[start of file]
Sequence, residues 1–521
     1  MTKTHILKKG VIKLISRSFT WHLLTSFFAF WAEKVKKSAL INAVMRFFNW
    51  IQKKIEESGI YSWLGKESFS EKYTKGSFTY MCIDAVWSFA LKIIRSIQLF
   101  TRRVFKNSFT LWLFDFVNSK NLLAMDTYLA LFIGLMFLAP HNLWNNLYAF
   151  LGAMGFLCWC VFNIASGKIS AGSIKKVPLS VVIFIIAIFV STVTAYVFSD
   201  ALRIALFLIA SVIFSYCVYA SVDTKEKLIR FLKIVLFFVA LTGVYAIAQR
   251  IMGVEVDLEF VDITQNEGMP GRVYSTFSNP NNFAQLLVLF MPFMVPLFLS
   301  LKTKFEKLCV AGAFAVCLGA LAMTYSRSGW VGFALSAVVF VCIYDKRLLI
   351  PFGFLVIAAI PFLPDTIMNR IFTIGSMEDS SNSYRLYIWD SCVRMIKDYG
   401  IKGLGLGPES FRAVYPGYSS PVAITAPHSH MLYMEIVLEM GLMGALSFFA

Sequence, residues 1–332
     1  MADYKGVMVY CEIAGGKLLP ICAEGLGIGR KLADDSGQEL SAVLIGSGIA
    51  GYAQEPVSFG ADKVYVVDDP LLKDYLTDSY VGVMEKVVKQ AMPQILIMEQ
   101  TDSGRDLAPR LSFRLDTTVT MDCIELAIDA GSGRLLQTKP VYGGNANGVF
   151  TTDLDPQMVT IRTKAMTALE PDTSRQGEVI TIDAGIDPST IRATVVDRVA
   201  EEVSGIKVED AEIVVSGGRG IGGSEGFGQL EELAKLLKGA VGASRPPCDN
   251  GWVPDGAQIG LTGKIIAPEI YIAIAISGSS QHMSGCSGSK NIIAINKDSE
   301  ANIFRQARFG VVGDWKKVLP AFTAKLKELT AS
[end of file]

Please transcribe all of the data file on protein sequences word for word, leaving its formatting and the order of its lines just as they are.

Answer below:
Sequence, residues 1–521
     1  MTKTHILKKG VIKLISRSFT WHLLTSFFAF WAEKVKKSAL INAVMRFFNW
    51  IQKKIEESGI YSWLGKESFS EKYTKGSFTY MCIDAVWSFA LKIIRSIQLF
   101  TRRVFKNSFT LWLFDFVNSK NLLAMDTYLA LFIGLMFLAP HNLWNNLYAF
   151  LGAMGFLCWC VFNIASGKIS AGSIKKVPLS VVIFIIAIFV STVTAYVFSD
   201  ALRIALFLIA SVIFSYCVYA SVDTKEKLIR FLKIVLFFVA LTGVYAIAQR
   251  IMGVEVDLEF VDITQNEGMP GRVYSTFSNP NNFAQLLVLF MPFMVPLFLS
   301  LKTKFEKLCV AGAFAVCLGA LAMTYSRSGW VGFALSAVVF VCIYDKRLLI
   351  PFGFLVIAAI PFLPDTIMNR IFTIGSMEDS SNSYRLYIWD SCVRMIKDYG
   401  IKGLGLGPES FRAVYPGYSS PVAITAPHSH MLYMEIVLEM GLMGALSFFA

Sequence, residues 1–332
     1  MADYKGVMVY CEIAGGKLLP ICAEGLGIGR KLADDSGQEL SAVLIGSGIA
    51  GYAQEPVSFG ADKVYVVDDP LLKDYLTDSY VGVMEKVVKQ AMPQILIMEQ
   101  TDSGRDLAPR LSFRLDTTVT MDCIELAIDA GSGRLLQTKP VYGGNANGVF
   151  TTDLDPQMVT IRTKAMTALE PDTSRQGEVI TIDAGIDPST IRATVVDRVA
   201  EEVSGIKVED AEIVVSGGRG IGGSEGFGQL EELAKLLKGA VGASRPPCDN
   251  GWVPDGAQIG LTGKIIAPEI YIAIAISGSS QHMSGCSGSK NIIAINKDSE
   301  ANIFRQARFG VVGDWKKVLP AFTAKLKELT AS